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What Are the Best Species of Timber for Wood Carving?

Wood carving is one of the oldest hobbies we have, yet one of the most rewarding. There’s nothing quite like creating your own unique masterpiece — but what types of wood are the best for the job?

As a leading UK timber merchant, we can help.

For almost all wood carving projects, you can’t go wrong with lime wood. That said, there are many other suitable timber species — you just need to know what characteristics to look for in your wood.

Workability is a key consideration, with different species having different qualities that affect how they respond to carving tools. A good timber for carving or whittling, particularly for intricate work, ideally needs to have a close grain. This tight-knit structure stops the wood splitting away when it’s being worked.

So, will you be carving a delicate design, or a larger piece of furniture (for example)? The type of wood you choose may also be influenced by your level of skill as a woodworker — some timbers can require a more refined carving skill set. Also, bear in mind finished aesthetics, as well as your budget.

Without further ado, here are our top timbers for your next project.

Lime wood — For intricate projects and less experienced carvers

Lime wood (also known as basswood) is the most popular type of wood for carving. Whether you’re a complete beginner or a member of the carving elite, this species should be near the top of your list.

Extremely soft and crisp, lime wood is perfect for intricate carving and works exceptionally well with hand tools. This high workability is down to the wood’s very close grain structure; as we mentioned, species of timber with this are less likely to break away at the edges, resulting in a much smoother finish. With a pleasing light cream colour, lime is easy on the eye too.

If you’re new to carving and learning the ropes, you can’t go wrong with this highly malleable and budget-friendly species; just grab yourself some blanks and start honing your skills. If you’re more experienced, you’ll be able to craft some truly stunning, delicate pieces.

Wood blank being carved.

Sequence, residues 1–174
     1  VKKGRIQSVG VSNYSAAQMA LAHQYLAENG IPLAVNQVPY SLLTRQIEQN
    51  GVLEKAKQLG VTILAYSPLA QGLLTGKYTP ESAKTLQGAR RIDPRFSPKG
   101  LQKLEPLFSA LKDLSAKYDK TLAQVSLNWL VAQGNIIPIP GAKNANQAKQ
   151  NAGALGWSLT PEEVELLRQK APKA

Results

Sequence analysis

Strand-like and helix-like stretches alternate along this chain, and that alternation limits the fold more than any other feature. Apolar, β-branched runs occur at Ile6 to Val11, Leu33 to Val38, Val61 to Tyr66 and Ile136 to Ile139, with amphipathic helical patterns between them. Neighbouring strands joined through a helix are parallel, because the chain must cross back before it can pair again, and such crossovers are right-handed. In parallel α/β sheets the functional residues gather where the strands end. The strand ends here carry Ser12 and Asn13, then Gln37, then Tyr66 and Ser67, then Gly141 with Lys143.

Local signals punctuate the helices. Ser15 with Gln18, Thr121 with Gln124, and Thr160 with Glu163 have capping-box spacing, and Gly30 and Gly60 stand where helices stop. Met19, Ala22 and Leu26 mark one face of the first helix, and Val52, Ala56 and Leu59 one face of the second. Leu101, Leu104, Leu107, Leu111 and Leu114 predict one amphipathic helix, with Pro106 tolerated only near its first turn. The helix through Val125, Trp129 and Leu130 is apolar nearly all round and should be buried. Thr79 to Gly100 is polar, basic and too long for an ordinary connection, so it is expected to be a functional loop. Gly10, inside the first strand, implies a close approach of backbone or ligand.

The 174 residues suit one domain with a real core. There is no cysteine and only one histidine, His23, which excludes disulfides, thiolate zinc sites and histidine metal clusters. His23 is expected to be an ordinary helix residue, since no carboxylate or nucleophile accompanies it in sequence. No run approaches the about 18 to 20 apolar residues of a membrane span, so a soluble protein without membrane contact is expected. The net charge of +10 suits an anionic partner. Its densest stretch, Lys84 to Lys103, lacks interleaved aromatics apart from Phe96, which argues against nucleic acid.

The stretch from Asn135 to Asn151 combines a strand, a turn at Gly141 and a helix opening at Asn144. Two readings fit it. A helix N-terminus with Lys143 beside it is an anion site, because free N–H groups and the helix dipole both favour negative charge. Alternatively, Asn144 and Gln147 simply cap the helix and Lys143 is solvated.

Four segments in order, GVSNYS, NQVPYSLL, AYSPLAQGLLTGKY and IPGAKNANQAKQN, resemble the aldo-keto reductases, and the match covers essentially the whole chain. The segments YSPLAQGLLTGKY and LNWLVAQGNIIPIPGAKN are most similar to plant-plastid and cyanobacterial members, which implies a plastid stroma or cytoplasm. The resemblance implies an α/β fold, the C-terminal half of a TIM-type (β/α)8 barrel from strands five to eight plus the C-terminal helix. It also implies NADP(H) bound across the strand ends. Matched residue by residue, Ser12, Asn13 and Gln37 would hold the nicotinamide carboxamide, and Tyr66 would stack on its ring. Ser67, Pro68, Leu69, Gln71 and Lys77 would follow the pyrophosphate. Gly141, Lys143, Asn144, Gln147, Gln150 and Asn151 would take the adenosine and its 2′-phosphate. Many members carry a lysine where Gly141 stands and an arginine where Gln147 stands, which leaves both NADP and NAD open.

Oak — For larger projects, like furniture

A classic carving choice. Many species of oak — such as American Oak — take carving tools very well.

Oak’s grain is more coarse than lime wood, which makes variations of oak more suitable for larger pieces rather than highly intricate work. But with strength, sturdiness and good workability in abundance, oak is an excellent choice for projects on the bigger side, like interior or exterior furniture.

If you’re looking for a versatile, beautiful hardwood for carving something more grandiose, oak steps up to the job.

Black walnut — For luxury carving

Black walnut is popular for its gorgeous, rich, dark chocolate-brown colour and outstanding grain and pattern.

As well as looking the part, this stunning wood takes detail and carving tools excellently. Sitting at the higher end of the cost scale, walnut is your ticket achieving a certain display of opulence and splendour in your wood carving.

That’s not all…

If you’re looking to try something a little different from lime, oak or walnut, there’s no shortage of stunning, highly-workable timbers for carving.

  • American Cherry — Cherry is an impeccable wood to carve with, thanks to straight, uniform grain and even texture. Those gorgeous pinkish-brown tones only add to its appeal and suitability for wood carving.
  • American White Ash — If you have a bit more wood carving experience and you’re looking to carve something at the paler end of the colour spectrum, consider ash. Its straight grain and creamy-white-to-light-brown colour make it a solid wood carving favourite.
  • Western Red Cedar — Cedar blanks are easy to come across, and the species is renowned for its excellent natural decay and rot resistance. If you’re working on a very intricate project, however, cedar can require a lot of skill. This species is a good challenge for an experienced woodcarver — just make sure your tools are sharp!

So, all in all, lime wood should be your first port of call for any wood carving project, particularly if you’re just starting out. But if you’re looking to try something different or more luxury, oak, walnut and cherry offer themselves up as brilliant woods for carving.

Staining or painting your finished piece can give your timber a certain desired aesthetic, but bear in mind the effect finishing may have on the timber.

A blank of wood being carved.

Starting a carving project?

Looking to get your hands on some of these top-notch timbers? As a leading UK timber merchant, we’re guaranteed to have the perfect species for your next wood carving project.

At our Joinery & Woodworking Centre — often described as a ‘timber paradise’ — you’ll find a whole host of exciting woods, including blanks in many shapes and sizes, to get you started on your wood carving project.

Our experienced team of timber experts are always happy to advise on any hand carving queries you may have. Get in touch through our website, give us a call on 01765 640564 or, if you’re nearby, pay us a visit — we’re in Melmerby, near Ripon, North Yorkshire.

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